Orlando Sentinel: Seeking maturity: Orlando’s tech startups need to grow up

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Dayne Williams, CEO of PlanSource, was featured in The Orlando Sentinel. Text from the piece is below and the full article can be found here.

Seeking maturity: Orlando’s tech startups need to grow up
Marco Santana
April 4, 2016
Copyright © 2016, Orlando Sentinel

The lakeside deck on Richard Daley’s Orlando home serves as a reminder of what a successful tech startup can become.

It was here in 2004 the serial entrepreneur and four others – with his trusty chocolate lab Avis – hammered out a startup idea that grew into one of Orlando’s biggest recent successes.

Called Pentaho, the company last year sold to Hitachi Data Systems for more than $500 million, leaving Daley with a windfall he hopes to reinvest in another new business soon.

“You start off with a leap of faith,” Daley said of jumping into the startup world. “You have to believe there is a need in the market that you can fulfill. Sometimes people have a tendency to overanalyze and overthink so they never do it.”

Early stage startups, typically a few years old or less, can grow up to become the larger businesses that boost a region’s economic development by employing a large number of people. Pentaho, for instance, still employs more than 100 people in Central Florida. But they eventually have to move past the edgy startup stage and mature into more sophisticated companies.

Other local successes include Orlando’s PlanSource, which now employs 400 nationwide and about 180 at its downtown Orlando headquarters, and Celebration-based ecommerce software company Channel Intelligence – acquired by Google for $125 million in 2013.

Most startups fail, with some surveys putting the number at three in four, or higher. Kauffman Foundation reported in 2010 that nearly three in five shut down within five years, though that number could include acquired companies.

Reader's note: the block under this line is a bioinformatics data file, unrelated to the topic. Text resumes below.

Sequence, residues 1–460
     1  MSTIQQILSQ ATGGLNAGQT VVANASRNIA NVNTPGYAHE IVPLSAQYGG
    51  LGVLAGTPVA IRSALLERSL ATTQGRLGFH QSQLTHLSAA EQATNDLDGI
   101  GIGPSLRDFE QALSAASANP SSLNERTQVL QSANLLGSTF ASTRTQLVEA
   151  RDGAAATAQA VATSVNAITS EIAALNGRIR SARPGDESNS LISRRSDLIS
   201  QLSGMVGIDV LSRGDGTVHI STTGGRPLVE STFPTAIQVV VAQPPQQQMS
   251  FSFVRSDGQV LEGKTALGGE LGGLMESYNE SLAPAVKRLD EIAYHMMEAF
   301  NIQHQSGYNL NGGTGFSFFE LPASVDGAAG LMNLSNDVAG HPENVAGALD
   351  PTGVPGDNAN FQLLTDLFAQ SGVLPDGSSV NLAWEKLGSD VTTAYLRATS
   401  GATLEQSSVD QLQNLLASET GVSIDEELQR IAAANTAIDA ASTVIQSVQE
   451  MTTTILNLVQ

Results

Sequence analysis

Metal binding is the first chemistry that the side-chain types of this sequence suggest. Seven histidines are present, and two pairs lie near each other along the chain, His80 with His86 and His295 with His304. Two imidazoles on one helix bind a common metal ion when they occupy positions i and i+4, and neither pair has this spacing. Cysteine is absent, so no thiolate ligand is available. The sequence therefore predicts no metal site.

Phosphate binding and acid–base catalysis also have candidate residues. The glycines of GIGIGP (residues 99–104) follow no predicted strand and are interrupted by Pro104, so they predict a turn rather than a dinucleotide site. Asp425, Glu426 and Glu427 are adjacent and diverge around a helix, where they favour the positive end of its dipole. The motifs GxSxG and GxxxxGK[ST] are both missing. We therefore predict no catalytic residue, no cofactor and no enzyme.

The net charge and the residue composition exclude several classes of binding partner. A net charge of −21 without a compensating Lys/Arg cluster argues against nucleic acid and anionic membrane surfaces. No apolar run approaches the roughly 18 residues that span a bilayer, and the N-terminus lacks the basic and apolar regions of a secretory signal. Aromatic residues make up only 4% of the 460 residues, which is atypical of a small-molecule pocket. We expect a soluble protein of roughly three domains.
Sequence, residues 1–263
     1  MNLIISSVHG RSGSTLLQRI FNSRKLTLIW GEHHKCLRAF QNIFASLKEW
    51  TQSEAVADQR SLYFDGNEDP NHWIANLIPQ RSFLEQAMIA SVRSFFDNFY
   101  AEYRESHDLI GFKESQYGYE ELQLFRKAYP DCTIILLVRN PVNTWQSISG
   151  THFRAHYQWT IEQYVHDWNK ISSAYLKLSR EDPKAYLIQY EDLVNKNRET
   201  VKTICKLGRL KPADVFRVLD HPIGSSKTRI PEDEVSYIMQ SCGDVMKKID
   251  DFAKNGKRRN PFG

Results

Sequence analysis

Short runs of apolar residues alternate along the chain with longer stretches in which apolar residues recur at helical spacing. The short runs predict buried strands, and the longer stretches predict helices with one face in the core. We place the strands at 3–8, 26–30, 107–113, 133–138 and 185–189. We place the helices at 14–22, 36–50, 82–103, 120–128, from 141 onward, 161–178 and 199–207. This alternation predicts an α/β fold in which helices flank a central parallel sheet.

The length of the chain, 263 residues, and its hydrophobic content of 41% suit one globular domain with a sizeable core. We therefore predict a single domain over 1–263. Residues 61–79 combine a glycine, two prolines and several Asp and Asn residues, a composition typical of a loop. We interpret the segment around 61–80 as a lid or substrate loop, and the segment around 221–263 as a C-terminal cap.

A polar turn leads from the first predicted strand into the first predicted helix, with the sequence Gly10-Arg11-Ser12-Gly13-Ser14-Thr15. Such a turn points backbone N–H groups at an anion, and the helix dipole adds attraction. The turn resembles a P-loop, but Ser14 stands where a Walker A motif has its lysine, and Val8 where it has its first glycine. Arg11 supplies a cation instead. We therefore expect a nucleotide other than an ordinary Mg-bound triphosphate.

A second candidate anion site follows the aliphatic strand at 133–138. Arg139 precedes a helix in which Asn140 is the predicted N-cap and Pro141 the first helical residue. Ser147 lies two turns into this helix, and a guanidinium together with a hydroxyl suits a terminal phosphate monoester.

Stereotypically, a startup can include few employees but a fair amount of hoodies, craft beer and product-based meetups.

Daley, 53, says he could retire but building a business is more interesting. He said the startup image is enticing for many young entrepreneurs, but they must be ready to mature and move past that stage.

“If they don’t grow and make adjustments, yeah, they won’t make it, especially if they are hoping for investment from outside sources,” he said. “There is a maturing process in terms of even the culture. You don’t want to change from the fun and passion but there has to be little bit more of a grown-up environment.”

In addition, entrepreneurship has become more accessible, meaning more can pursue ideas with an eye on starting a business, which means more failures.

So why do business groups, civic leaders and investors continue to pour money and time into startups?

Experts say the future Pentahos of the world could be little more than an entrepreneur’s idea today.

“A company has to start somewhere,” said Donna Mackenzie, who leads the Starter Studio accelerator in Orlando. “You hear stories like Dell computers, which literally started in a dorm room. We also have some real world examples we can point to.”